Feargus Urquhart and The Polygon Article

The following article has been getting a lot of discussion on Twitter among the tabletop gaming writers I follow and respect.  I realize that is a narrow superlative but stay with me.

http://www.polygon.com/2015/2/9/8005145/why-one-of-d-ds-biggest-video-game-devs-thinks-that-tabletop-game-has

I honestly do not understand why this article is getting the attention it is because I do not understand what point this article is trying to make.  This is not a case of TL:DR, this is a short article.  Too short in fact to make any kind of persuasive argument.  Lets break this down.

The article is a short interview between Polygon and Francis Feargus Urquhart.  Mr. Urquhart is identified as “the man behind so many adaptations of D&D video games.”  None of these games are listed by name.  A visit to his Wikipedia page does list him as a major contributor to well reviewed titles such as Baldur’s Gate 2, Icewind Dale, and Planescape Torment.  Why not tell me the reader what’s on his resume?  When Forbes wrote an article on D&D in May 2013, Mike Mearls was quoted in there.  Mearls is credited as the senior manager of research and design for Dungeons & Dragons at Wizards of the Coast.  I might not know exactly how Mike Mearls spends his days, but I have a pretty good idea that this man is qualified to speak about D&D’s internal workings.  My 12 years as a Dungeon Master does not qualify me to speak about D&D’s internal workings.

The thesis of the article is that Obsidian is going to be making games based on Pathfinder and not D&D which is presented as a loss for and weakness in D&D to the benefit of Pathfinder.  The genesis of this is traced back to the release of 4th Edition D&D.  I think we can all safely agree 4E caused disagreements within the RPG community, just like The Avengers, casting Pedro Pascal as the Red Viper, or Crystal Pepsi caused disagreement within the RPG community.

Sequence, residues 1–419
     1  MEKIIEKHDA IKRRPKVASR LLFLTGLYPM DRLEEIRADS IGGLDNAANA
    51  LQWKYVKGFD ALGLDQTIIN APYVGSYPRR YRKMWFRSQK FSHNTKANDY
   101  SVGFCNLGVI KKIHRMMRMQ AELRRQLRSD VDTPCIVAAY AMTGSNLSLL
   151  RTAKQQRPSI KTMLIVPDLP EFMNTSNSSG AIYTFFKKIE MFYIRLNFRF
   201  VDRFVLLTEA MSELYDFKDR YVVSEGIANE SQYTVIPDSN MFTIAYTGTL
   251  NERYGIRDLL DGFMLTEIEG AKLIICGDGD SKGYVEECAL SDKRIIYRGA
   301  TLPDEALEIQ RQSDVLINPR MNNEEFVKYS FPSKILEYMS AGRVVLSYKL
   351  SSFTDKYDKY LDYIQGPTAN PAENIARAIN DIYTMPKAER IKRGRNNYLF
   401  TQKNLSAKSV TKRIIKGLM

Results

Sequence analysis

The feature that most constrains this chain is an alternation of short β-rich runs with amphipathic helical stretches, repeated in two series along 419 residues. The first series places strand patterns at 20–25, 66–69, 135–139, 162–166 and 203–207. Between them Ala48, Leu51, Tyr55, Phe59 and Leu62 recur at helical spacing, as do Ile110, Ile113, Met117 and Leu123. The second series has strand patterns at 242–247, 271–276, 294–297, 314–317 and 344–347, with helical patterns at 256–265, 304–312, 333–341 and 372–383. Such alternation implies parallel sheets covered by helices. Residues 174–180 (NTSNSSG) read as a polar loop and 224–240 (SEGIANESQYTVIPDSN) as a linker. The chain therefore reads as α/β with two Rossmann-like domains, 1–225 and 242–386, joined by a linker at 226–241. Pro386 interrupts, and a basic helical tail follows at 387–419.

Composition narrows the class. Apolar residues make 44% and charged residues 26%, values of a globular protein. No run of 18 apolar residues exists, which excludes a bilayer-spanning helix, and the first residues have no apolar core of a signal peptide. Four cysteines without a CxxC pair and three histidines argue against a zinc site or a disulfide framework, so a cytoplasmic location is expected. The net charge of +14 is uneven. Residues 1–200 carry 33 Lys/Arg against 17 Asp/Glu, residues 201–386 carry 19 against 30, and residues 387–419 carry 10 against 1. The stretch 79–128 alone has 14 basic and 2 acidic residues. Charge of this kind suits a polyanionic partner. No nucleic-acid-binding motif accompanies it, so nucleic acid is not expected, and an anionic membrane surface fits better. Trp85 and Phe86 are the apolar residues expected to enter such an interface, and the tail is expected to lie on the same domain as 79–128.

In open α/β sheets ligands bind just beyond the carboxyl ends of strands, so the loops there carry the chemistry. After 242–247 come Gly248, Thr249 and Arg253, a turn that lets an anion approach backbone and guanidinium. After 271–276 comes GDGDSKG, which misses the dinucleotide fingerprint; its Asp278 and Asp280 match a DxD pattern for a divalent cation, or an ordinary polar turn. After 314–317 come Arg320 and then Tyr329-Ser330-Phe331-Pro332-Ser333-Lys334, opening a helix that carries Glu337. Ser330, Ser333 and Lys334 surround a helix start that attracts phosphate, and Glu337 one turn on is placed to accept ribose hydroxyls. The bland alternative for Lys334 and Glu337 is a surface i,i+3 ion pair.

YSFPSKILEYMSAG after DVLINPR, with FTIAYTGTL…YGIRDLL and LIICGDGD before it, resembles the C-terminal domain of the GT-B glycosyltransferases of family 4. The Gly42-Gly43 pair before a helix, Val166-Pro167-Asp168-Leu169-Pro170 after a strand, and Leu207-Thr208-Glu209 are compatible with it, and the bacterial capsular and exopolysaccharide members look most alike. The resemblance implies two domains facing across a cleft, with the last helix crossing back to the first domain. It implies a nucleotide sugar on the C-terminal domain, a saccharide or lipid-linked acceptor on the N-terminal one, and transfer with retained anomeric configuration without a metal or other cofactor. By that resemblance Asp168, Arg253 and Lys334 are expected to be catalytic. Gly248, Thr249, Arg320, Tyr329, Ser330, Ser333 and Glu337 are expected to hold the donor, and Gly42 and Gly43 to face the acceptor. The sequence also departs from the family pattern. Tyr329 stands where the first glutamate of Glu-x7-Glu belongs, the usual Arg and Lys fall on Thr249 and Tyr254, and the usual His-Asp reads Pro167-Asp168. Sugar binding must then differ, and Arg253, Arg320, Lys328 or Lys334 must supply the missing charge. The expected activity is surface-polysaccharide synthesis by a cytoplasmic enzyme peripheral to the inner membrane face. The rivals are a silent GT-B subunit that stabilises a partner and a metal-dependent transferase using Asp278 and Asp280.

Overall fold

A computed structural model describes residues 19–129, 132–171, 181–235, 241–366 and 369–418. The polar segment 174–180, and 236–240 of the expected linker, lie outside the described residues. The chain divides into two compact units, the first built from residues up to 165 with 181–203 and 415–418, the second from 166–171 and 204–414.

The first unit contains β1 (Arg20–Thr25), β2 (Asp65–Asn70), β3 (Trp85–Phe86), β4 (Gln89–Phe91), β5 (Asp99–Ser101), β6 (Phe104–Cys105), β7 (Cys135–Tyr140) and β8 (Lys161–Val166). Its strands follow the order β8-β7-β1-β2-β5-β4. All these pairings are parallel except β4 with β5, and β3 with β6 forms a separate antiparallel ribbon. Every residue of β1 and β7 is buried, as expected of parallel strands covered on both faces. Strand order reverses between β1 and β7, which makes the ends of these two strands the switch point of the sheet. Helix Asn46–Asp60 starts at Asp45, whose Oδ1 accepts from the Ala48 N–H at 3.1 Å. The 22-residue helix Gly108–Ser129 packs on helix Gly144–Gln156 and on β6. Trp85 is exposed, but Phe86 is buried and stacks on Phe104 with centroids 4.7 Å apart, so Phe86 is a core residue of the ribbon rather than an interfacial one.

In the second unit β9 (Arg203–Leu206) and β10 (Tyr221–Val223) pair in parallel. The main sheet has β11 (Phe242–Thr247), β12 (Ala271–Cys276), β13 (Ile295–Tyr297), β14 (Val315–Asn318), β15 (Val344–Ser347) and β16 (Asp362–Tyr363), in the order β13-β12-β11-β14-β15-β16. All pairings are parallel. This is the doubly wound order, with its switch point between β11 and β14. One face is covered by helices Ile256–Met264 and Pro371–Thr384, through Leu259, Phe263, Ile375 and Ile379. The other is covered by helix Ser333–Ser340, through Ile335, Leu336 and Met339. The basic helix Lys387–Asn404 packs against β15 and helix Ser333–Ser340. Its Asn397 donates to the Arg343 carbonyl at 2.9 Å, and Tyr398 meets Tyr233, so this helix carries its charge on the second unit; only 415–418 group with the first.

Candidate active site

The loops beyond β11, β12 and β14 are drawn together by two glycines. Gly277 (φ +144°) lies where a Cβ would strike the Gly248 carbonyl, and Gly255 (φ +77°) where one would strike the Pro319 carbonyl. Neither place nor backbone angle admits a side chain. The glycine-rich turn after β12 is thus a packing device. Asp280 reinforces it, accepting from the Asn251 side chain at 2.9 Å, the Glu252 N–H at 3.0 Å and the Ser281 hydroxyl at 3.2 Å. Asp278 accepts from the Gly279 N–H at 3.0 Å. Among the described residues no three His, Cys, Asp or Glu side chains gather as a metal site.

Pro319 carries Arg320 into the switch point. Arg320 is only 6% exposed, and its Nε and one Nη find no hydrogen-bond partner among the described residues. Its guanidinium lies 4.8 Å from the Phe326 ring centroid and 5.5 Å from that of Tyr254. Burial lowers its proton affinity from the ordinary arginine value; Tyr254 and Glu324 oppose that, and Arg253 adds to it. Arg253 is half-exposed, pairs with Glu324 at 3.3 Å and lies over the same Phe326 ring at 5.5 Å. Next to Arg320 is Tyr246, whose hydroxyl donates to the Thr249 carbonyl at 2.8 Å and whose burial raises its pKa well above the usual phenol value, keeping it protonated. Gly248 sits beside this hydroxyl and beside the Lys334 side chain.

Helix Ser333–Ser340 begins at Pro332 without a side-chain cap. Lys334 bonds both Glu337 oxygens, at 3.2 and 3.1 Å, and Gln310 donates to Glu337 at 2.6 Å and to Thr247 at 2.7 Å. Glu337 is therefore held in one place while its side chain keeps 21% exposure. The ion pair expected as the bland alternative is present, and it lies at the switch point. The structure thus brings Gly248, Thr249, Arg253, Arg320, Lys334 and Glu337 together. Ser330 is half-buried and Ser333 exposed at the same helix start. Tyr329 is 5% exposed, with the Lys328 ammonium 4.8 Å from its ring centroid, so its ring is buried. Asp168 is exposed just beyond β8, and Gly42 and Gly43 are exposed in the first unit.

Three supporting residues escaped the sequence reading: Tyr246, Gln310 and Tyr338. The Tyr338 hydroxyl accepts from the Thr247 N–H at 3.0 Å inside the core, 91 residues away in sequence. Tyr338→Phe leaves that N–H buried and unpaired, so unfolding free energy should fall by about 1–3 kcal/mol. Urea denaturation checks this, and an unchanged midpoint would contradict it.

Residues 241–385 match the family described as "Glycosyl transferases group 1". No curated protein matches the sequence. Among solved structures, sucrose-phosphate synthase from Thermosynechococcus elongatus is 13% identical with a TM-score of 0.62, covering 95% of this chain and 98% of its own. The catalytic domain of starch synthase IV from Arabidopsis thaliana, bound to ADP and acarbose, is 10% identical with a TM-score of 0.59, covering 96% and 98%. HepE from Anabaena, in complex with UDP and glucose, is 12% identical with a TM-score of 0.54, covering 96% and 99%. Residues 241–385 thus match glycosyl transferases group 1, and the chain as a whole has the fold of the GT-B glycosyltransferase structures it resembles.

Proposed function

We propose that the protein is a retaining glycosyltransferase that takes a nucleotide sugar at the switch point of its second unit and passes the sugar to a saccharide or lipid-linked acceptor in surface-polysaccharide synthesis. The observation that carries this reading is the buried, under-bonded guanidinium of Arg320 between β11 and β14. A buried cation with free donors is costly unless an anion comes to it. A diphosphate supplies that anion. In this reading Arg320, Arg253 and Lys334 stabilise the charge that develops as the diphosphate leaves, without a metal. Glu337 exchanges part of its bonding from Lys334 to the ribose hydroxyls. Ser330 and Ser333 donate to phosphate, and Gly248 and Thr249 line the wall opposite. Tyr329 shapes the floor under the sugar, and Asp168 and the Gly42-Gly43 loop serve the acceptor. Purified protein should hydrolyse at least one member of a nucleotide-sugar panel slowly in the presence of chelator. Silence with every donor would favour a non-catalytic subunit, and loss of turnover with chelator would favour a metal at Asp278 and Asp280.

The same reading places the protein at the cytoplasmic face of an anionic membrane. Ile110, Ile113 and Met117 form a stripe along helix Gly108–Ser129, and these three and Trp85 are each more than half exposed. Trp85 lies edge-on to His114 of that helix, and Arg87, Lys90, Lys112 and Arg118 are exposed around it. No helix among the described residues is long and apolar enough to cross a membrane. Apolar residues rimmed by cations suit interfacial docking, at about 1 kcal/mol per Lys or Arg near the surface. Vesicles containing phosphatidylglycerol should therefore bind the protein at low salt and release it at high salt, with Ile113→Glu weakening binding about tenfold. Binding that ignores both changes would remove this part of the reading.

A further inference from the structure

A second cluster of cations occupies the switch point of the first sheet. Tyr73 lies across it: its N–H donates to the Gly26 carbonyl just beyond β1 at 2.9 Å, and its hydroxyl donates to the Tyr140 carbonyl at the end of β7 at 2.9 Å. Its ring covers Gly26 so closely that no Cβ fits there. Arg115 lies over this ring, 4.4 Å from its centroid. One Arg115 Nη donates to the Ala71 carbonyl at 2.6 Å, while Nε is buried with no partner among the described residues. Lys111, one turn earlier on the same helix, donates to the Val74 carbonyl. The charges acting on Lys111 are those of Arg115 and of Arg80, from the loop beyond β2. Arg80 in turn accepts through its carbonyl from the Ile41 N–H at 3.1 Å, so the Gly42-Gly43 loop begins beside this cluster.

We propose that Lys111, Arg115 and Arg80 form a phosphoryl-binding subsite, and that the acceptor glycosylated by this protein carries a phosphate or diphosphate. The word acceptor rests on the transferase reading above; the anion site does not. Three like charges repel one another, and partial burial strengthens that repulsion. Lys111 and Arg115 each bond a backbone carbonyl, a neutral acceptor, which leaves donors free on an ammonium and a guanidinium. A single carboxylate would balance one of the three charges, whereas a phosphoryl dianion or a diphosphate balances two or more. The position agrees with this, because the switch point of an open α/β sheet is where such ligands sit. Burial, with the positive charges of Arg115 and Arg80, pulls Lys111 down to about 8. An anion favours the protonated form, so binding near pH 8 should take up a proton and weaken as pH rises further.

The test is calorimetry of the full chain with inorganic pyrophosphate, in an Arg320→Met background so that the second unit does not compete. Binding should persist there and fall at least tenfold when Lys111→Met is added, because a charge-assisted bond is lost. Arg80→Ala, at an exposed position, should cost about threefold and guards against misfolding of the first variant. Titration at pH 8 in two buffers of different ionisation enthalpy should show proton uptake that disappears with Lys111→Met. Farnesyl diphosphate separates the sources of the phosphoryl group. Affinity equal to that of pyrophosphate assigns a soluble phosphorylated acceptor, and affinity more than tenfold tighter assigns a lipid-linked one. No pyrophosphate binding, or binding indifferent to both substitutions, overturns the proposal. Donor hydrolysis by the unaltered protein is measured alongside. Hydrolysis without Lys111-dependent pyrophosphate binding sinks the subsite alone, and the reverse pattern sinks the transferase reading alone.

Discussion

Okay getting too cynical.  When it came to 4E every player had an opinion.  And many people who’ve worked on D&D in some capacity worked on Pathfinder, although you could say the same thing about The 13th Age or Numenera but they don’t have video game deals yet.  The point is that 4E was a big divergence from the previous editions when it came to how the game felt at the table. 4E was the beginning of a schism but 5E is presented in this article as being the nail in the proverbial coffin.  5E caused Mr. Urquhart to throw his hands up and say “I don’t know what to make of this.”  He doesn’t know how to make videogames out of the 5th Edition ruleset so his company is choosing Pathfinder.

Why?  What plans were evaluated and viewed as impossible or impractical?  What parts of the 5th Edition ruleset does Mr. Urquhart believe make 5th Edition impossible to develop a videogame for compared to 4th Edition D&D or 3.75 Edition (Pathfinder)?  The article gives no details about how Mr. Urquhart reached this decision if his reason is based on the 5th Edition Ruleset.  It would be perfectly legitimate to state that Advantage/Disadvantage or Inspiration mechanics are impossible to define if one is coding a videogame.  But that mechanic did not exist in 4th Edition D&D.  When then not develop a game for that rules system?  It would seem to me that the 4th Edition Ruleset lends itself perfect to a tactical RPG in the style of X-Com.  Was a 4th Edition D&D RPG deemed unlikely to profit due to the system being out of print?  Again, completely legitimate opinion.  But not one this article mentions as a factor in Mr. Urquhart’s decision.